Research Output
A compactness measure of sustainable building forms
  Global population growth and urbanisation require countless more buildings in this century, causing an unprecedented increase in energy consumption, greenhouse gas emissions, waste generation, and resource use. It is imperative to approach maximal efficiency in buildings quickly. The building envelope is a key element to address environmental concerns, for it is responsible for thermal transfers with the outdoors, causing energy demand and carbon emissions. It also requires cladding, thus consuming a significant amount of finite resources. This paper investigates the relationship between surface area and indoor space to unravel the sustainability of building forms. Firstly, we demonstrate what the optimal form is. Secondly, as a single definite form is of little use in practice, we develop a scale independent metric to measure the degree of optimality of building forms and show its practical use. This newly developed metric can significantly help at early design stages, by quantifying how much a building form deviates from optimality and identifying the domain of alternative geometries closer to it. This compactness measure also represents a theoretical basis for further research, to explore how optimality changes when additional parameters are factored in. It therefore contributes to both theory and practice to support global efforts towards sustainable built environments.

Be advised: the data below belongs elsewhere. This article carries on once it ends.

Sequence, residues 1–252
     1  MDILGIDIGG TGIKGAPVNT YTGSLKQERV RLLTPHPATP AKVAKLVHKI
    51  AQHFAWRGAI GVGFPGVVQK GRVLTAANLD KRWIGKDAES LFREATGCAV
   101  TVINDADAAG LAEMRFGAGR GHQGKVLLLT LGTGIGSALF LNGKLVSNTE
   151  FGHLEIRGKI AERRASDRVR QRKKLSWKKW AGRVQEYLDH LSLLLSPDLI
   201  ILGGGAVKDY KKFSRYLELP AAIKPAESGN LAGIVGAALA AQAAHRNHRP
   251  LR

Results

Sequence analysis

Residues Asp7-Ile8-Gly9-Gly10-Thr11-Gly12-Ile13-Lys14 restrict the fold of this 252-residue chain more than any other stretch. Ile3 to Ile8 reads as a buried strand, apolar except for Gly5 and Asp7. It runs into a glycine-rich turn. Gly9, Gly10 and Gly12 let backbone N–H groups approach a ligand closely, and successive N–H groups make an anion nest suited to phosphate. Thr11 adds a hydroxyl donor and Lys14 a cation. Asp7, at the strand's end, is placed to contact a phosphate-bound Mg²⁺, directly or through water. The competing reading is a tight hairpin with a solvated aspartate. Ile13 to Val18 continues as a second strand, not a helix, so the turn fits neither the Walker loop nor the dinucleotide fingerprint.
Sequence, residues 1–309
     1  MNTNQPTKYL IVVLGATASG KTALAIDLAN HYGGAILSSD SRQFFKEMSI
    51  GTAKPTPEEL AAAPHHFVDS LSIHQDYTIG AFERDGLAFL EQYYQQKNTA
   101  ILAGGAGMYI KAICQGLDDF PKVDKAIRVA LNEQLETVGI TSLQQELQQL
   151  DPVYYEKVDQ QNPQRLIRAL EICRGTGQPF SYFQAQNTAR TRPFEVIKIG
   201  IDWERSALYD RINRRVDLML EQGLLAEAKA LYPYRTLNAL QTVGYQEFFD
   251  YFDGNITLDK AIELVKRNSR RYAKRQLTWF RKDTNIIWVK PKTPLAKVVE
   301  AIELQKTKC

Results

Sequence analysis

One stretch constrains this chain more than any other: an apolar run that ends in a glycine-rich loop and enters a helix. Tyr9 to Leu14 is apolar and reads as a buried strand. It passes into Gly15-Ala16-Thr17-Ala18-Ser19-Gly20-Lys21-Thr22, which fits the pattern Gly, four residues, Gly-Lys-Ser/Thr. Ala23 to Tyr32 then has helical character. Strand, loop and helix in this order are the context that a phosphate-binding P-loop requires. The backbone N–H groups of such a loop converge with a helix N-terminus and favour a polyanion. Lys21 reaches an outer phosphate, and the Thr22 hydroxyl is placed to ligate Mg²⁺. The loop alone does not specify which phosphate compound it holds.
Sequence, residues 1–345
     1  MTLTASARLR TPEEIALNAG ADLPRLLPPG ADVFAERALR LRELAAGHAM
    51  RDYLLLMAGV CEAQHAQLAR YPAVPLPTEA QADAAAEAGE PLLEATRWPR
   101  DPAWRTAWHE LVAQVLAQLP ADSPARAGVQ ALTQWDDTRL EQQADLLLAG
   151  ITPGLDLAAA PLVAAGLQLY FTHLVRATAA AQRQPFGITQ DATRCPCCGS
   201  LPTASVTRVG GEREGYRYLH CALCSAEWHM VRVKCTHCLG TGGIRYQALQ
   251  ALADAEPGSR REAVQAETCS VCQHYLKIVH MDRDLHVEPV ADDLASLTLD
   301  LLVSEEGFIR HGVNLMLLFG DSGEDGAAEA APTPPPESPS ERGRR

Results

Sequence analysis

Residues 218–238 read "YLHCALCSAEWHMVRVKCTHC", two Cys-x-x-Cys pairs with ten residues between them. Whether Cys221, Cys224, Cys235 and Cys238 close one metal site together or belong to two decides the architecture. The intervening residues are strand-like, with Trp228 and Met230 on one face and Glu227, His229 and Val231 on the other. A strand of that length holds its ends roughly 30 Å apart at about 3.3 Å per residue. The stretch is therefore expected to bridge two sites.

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  • Date:

    12 June 2019

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  • Library of Congress:

    TH Building construction

  • Dewey Decimal Classification:

    690 Buildings

  • Funders:

    Edinburgh Napier Funded; EPSRC Engineering and Physical Sciences Research Council


D'Amico, B., & Pomponi, F. (2019). A compactness measure of sustainable building forms. Royal Society Open Science, 6(6), 1-14.


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